Caldis argues that the extent of out-of-field teaching in Australia and particularly within geography education, and no doubt elsewhere, is under-researched and a matter of concern for teachers and students alike.
Reflective learning and pedagogy
Caldis’s study tracks the experience of five aspiring geography teachers from a metropolitan Australian university. In a qualitative, 18-month longitudinal study, these aspiring teachers came together to discuss their experience in ‘social labs’ – platforms that bring people together to discuss complex issues and exchange ideas. Three social labs were held between the study participants starting their final teacher placement during their teacher education programme and ending their first year of employment.
The extent of out-of-field teaching is under-researched and a matter of concern for teachers and students alike.
Discussions were framed against reflexivity theory. Developed by English sociologist Margaret Archer in the 1980s, reflexivity is a process by which an individual examines their feelings, actions, and reactions in relation to a situation or event. As Caldis explains, it involves the ‘bending back’ of thought to ‘stimulate inner conversation and create distance between self, circumstance and the phenomenon requiring thought and action’. In this study participants were asked to examine how they put the theory they learned in their teacher education programme into pedagogical practice in the classroom.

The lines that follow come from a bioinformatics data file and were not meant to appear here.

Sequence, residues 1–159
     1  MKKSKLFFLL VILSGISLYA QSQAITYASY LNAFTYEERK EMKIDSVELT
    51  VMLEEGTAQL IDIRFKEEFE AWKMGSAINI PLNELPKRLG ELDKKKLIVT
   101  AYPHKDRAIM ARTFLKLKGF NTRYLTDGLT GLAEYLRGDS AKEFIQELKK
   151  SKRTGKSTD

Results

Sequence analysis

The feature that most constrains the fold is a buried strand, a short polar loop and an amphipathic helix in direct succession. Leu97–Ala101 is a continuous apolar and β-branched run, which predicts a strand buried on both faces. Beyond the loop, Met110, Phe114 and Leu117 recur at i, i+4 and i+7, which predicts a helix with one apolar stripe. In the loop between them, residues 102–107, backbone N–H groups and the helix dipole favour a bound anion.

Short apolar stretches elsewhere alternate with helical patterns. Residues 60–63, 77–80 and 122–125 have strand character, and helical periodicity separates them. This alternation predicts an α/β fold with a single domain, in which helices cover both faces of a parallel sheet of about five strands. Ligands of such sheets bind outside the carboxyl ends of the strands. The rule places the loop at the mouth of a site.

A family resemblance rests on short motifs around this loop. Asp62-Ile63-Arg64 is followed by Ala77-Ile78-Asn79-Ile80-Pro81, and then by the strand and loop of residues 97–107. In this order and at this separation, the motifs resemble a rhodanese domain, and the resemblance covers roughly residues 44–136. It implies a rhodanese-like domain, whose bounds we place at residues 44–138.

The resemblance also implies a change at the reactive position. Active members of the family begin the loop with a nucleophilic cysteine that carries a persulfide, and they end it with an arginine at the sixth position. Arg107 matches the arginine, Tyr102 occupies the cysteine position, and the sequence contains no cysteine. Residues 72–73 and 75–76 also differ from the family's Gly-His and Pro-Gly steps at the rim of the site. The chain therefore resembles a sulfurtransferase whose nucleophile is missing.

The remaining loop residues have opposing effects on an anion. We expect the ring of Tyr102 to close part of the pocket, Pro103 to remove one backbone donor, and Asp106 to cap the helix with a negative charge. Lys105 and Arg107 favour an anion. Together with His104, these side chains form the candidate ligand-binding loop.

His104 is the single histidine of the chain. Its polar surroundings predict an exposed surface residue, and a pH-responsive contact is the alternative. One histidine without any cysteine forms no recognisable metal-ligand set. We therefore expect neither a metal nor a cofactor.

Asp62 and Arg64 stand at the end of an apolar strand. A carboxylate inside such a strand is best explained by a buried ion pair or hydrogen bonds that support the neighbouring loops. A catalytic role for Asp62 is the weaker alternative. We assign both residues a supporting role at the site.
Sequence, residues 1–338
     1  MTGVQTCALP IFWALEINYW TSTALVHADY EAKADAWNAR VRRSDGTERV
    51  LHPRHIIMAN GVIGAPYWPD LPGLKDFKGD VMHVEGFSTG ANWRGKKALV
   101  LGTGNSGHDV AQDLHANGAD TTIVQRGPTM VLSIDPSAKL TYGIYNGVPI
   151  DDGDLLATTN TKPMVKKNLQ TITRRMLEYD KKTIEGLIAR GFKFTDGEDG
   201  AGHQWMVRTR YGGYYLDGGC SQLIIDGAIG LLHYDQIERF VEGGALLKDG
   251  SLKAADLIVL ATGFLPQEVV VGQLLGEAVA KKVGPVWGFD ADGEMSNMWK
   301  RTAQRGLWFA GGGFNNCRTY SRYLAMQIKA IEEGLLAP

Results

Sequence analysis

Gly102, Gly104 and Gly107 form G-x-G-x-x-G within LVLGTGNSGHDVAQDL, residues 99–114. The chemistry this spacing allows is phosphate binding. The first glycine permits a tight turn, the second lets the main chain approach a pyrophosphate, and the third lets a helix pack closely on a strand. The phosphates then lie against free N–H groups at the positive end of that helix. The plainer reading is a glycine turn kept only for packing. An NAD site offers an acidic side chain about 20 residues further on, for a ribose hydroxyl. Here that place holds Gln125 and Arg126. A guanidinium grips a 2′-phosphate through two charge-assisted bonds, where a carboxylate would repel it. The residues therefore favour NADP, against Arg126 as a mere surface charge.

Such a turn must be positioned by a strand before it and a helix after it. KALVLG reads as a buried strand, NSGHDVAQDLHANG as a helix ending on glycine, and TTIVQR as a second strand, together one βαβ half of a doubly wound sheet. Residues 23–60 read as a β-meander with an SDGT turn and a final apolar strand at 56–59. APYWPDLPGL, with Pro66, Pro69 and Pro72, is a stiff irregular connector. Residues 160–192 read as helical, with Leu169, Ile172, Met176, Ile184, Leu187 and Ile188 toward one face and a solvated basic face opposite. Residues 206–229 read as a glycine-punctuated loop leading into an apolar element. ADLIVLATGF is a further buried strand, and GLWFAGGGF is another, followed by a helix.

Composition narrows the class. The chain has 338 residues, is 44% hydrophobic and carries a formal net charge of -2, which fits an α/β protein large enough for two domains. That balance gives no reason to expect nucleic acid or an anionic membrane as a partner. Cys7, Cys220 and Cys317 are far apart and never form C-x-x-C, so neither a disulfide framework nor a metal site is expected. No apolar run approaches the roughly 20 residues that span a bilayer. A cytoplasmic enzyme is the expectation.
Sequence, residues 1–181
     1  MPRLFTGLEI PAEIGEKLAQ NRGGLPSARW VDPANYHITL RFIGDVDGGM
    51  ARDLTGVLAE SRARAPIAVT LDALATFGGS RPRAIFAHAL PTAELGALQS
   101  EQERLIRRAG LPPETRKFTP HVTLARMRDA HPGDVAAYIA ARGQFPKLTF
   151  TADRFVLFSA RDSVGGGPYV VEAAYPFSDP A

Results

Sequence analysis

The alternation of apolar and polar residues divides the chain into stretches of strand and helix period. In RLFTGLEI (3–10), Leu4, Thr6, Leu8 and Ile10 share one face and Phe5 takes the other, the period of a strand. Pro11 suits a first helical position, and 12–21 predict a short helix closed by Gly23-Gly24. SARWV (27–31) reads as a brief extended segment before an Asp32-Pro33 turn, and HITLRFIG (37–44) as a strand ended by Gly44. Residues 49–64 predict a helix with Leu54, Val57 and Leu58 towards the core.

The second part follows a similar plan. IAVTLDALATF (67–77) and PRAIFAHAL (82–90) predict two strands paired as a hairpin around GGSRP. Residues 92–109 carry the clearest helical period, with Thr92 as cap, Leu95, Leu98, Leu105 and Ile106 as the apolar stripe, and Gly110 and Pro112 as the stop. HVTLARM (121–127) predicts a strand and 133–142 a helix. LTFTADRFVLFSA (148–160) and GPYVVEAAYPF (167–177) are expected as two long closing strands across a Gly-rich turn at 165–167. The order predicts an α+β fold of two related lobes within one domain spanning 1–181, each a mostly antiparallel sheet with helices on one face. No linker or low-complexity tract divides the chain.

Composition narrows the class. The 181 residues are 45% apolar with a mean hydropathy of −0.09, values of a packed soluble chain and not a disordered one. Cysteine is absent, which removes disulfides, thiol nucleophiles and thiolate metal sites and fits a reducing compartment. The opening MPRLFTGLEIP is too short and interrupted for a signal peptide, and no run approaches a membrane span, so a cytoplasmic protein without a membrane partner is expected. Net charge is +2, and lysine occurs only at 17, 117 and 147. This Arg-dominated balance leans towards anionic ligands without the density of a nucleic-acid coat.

The original aim of Caldis’s research was to understand more about how new teachers’ experience informed their teaching of geography. Out-of-field teaching was soon identified as the most significant constraint they faced.